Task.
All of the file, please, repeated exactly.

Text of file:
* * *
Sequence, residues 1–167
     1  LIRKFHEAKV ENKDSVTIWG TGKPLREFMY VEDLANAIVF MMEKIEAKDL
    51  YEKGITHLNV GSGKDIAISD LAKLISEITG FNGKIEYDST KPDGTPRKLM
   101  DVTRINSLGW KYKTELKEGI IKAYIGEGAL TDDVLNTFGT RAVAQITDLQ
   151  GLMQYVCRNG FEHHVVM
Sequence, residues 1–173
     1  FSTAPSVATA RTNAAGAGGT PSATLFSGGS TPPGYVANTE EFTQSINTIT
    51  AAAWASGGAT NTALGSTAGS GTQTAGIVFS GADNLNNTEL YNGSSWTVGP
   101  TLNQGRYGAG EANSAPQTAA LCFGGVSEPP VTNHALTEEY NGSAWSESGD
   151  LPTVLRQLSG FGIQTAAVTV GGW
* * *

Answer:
Sequence, residues 1–167
     1  LIRKFHEAKV ENKDSVTIWG TGKPLREFMY VEDLANAIVF MMEKIEAKDL
    51  YEKGITHLNV GSGKDIAISD LAKLISEITG FNGKIEYDST KPDGTPRKLM
   101  DVTRINSLGW KYKTELKEGI IKAYIGEGAL TDDVLNTFGT RAVAQITDLQ
   151  GLMQYVCRNG FEHHVVM
Sequence, residues 1–173
     1  FSTAPSVATA RTNAAGAGGT PSATLFSGGS TPPGYVANTE EFTQSINTIT
    51  AAAWASGGAT NTALGSTAGS GTQTAGIVFS GADNLNNTEL YNGSSWTVGP
   101  TLNQGRYGAG EANSAPQTAA LCFGGVSEPP VTNHALTEEY NGSAWSESGD
   151  LPTVLRQLSG FGIQTAAVTV GGW